Elor Azaria's trial exposed just how influential the actions and ideas of radical settlers are on the conduct of Israeli soldiers in the West Bank. By Dean Issacharoff Two years before Elor Azaria fired one bullet into the head of Abed al Fatah a-Sharif in Tel Rumeida, Hebron before shaking the hand of Israeli settler Baruch Marzel, I stood in an IDF uniform in the same exact place. As video footage of the incident went public, and especially during the testimony phase of the trial, the public became exposed to the extent to which settlers in Hebron influence IDF soldiers’ conduct in violent and destructive…Read More... | 27 Comments
From the army’s perspective, Azaria’s guilty verdict ostensibly answers the critique that it is unable to deal with soldier violence against Palestinians — or that it doesn't want to. But there is one reason and one reason only that the lowly soldier was indicted to begin with. An Israeli military court handed down a guilty verdict Wednesday in the manslaughter trial of Elor Azaria, an IDF soldier who shot and killed an incapacitated Palestinian assailant in March of last year. The high-profile trial polarized the country, pitting Israel's political class against current and former army generals. Much of the IDF's top echelons decried Azaria for firing a…Read More... | 5 Comments
What it means to be named Sarah in Hebron — where the streets are segregated and occupation manifests itself in the ugliest of ways. By Sarah Stern There is a common reaction that Palestinians have when they are introduced to me by name. “Sarah! What a nice name.” It sounds light and friendly, but this is no ordinary compliment. It carries the weight of thousands of years of collective storytelling that translates across three monotheistic religions. Sarah is the first matriarch. If my name were Rachel, Rebecca or Leah, it would be different. [tmwinpost] Garnering this reaction so frequently gives…Read More...
By agreeing to perform in the West Bank settlement of Kiryat Arba, Habima is forgoing its values of Cultural Zionism while adopting the dangerous mindset of Miri Regev and Benjamin Netanyahu. By Misha Shulman Earlier this year Israeli Minister of Culture Miri Regev announced a new policy for the funding of the arts: artistic organizations that agree to serve the settler population in the occupied West Bank will see a budget increase of 10 percent. Conversely, those who refuse to perform in the West Bank will see a 33 percent decrease. [tmwinpost] This policy ignores the fact that under international…Read More... | 4 Comments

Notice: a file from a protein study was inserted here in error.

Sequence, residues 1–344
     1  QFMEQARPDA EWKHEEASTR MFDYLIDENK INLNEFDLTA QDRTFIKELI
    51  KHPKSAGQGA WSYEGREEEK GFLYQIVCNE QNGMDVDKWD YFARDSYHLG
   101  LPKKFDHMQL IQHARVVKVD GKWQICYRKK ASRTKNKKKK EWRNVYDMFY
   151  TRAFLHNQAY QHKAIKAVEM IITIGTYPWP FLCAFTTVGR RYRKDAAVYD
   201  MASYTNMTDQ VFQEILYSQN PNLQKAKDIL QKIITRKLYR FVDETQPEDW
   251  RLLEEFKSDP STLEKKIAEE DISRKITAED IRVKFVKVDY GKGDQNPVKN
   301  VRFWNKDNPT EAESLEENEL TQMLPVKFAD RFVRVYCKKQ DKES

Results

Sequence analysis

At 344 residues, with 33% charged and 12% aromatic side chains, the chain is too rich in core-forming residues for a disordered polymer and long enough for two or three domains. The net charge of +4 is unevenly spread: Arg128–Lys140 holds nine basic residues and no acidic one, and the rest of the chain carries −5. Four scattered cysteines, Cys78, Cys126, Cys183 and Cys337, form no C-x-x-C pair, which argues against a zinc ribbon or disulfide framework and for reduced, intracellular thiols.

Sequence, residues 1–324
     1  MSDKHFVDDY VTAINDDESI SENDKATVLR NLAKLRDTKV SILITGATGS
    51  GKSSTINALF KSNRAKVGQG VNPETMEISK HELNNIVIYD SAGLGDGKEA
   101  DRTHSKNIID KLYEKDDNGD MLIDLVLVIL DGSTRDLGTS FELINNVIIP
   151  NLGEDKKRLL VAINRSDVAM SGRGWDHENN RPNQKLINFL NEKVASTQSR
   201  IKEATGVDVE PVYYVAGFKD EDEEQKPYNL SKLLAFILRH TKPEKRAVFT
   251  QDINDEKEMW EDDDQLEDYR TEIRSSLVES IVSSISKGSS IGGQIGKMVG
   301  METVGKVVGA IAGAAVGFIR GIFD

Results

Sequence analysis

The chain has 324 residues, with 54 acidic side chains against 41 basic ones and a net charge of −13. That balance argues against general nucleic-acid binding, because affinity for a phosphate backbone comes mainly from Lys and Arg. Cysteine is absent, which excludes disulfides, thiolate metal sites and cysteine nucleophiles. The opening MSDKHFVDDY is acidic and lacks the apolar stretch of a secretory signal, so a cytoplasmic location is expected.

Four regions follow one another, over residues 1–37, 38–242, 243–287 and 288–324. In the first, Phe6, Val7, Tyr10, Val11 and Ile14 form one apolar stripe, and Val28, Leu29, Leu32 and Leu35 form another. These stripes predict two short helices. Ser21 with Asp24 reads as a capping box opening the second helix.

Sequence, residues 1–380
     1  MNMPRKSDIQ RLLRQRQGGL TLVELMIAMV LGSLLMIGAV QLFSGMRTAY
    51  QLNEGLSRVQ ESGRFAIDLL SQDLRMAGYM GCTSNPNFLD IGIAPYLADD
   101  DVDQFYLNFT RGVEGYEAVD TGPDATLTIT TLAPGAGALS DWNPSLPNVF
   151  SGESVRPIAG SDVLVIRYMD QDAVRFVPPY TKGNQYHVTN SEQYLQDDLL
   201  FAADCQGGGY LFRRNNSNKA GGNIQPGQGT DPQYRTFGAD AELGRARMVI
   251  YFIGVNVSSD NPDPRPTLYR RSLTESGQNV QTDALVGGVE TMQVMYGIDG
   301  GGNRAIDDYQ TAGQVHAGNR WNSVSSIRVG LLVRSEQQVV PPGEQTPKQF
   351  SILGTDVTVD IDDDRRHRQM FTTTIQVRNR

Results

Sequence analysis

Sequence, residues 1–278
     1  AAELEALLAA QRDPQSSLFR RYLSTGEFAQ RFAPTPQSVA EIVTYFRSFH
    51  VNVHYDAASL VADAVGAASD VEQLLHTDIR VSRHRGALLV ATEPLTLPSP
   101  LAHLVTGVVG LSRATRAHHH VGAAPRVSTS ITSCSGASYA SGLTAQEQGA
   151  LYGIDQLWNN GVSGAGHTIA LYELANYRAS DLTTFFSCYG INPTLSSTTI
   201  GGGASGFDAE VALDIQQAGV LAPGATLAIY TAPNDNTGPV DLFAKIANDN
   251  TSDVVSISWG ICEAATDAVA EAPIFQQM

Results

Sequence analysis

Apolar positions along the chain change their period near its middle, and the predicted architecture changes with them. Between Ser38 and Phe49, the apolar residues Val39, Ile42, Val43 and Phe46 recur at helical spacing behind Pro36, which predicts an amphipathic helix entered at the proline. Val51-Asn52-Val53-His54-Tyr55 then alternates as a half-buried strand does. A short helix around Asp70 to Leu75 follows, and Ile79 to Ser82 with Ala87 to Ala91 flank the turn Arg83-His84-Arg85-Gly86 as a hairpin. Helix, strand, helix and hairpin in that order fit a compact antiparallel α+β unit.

If B’Tselem volunteer Imad Abu Shamsiyeh hadn’t been in Hebron with his camera ready that March morning, we would have long forgotten about just another ‘neutralized terrorist,’ and none of us would have ever heard the name Elor Azaria. By Yael Marom If an Israeli soldier shoots a Palestinian in the head in Hebron, and there’s no camera to film the act, does he still become "man of the year?" [tmwinpost] The Israeli media this week ran its usual year-end features ahead of the Jewish New Year, Rosh Hashanah. Two Israeli media outlets, Channel 10 and Sheldon Adelson-owned Makor Rishon, selected as one…Read More... | 1 Comment
The Israeli army really wants to see Palestinian nonviolent activist Issa Amro in prison. We ask Issa why he's facing 18 charges now, and what 'winning' would mean for him. Video by A. Daniel Roth, Aaron Rotenberg Nonviolent Palestinian organizer Issa Amro has been practicing and teaching nonviolent resistance and civil disobedience in the occupied city of Hebron since 2003, in part through the local activist group he helped establish and operates, Youth Against Settlements. Recently, the Israeli army announced that it plans to prosecute him for 18 separate charges going all the way back to 2010. [tmwinpost] Almost all of the charges are…Read More... | 5 Comments